Joukahainen, a youthful son,
Laplander, a slender fellow
bore a grudge within his heart,
bitter envy in his bosom.

Thus he worked a fiery crossbow,
so he shaped a noble bow
and he formed the bow of iron,
overlaid the back with copper.

Then the points were to be sharpened.
So the arrows then were ready
and his bow was fit for bending.

"Now, should you bring 'bout Väinämöinen's death
and by your arrow let him die,
joy will then fade away from Earth.
Songs cannot then be heard again.
Elation is way better on Eary
and the music is more cheerful in here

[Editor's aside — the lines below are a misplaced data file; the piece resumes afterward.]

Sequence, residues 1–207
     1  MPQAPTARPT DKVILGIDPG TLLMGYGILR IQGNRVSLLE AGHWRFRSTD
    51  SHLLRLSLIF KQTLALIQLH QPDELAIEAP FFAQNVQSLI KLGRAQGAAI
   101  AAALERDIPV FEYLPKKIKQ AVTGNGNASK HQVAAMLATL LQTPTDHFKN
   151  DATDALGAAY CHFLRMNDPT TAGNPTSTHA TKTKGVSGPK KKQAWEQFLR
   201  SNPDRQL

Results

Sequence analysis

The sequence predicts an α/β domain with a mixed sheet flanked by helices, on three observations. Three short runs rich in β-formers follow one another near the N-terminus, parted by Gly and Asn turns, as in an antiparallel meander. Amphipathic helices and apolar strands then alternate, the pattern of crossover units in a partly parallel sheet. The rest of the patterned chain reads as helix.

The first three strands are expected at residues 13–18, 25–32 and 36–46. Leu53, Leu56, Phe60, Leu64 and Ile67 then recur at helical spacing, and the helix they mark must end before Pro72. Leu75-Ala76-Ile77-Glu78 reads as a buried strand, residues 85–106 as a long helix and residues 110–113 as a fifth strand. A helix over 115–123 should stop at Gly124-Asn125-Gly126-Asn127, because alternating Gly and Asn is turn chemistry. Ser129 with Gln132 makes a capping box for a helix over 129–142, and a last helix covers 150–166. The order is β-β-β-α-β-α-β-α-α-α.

than somewhere in the land of the dead,
at the huts of the Underworld."

Long he watched for Väinämöinen
peering, peeping at the lodges,
sometimes listening in the alleys,
sometimes watching in the meadow.

Spanned in haste his might crossbow
and he aimed his splendid weapon
at the head of Väinämöinen,
thus to kill Suvantolainen.

And then the old Väinämöinen
fell head over heels in water
off the back of his blue moose.

Lyrics submitted by emberobin

At the Huts of the Underworld song meanings
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